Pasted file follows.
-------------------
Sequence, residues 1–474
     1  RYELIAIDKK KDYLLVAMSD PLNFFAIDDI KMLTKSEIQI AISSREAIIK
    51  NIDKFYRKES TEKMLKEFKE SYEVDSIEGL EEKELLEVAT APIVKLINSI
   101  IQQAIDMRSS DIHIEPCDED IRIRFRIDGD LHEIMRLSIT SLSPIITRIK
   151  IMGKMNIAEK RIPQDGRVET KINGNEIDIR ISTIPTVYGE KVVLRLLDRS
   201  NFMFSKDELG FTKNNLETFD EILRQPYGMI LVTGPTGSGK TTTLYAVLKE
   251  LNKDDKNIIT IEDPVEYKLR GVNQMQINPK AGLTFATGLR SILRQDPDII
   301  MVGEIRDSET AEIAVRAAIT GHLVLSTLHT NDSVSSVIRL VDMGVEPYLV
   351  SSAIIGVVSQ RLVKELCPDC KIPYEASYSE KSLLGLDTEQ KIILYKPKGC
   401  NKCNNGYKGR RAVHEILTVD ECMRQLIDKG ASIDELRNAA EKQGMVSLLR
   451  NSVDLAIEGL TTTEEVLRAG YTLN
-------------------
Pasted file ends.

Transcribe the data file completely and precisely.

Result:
Sequence, residues 1–474
     1  RYELIAIDKK KDYLLVAMSD PLNFFAIDDI KMLTKSEIQI AISSREAIIK
    51  NIDKFYRKES TEKMLKEFKE SYEVDSIEGL EEKELLEVAT APIVKLINSI
   101  IQQAIDMRSS DIHIEPCDED IRIRFRIDGD LHEIMRLSIT SLSPIITRIK
   151  IMGKMNIAEK RIPQDGRVET KINGNEIDIR ISTIPTVYGE KVVLRLLDRS
   201  NFMFSKDELG FTKNNLETFD EILRQPYGMI LVTGPTGSGK TTTLYAVLKE
   251  LNKDDKNIIT IEDPVEYKLR GVNQMQINPK AGLTFATGLR SILRQDPDII
   301  MVGEIRDSET AEIAVRAAIT GHLVLSTLHT NDSVSSVIRL VDMGVEPYLV
   351  SSAIIGVVSQ RLVKELCPDC KIPYEASYSE KSLLGLDTEQ KIILYKPKGC
   401  NKCNNGYKGR RAVHEILTVD ECMRQLIDKG ASIDELRNAA EKQGMVSLLR
   451  NSVDLAIEGL TTTEEVLRAG YTLN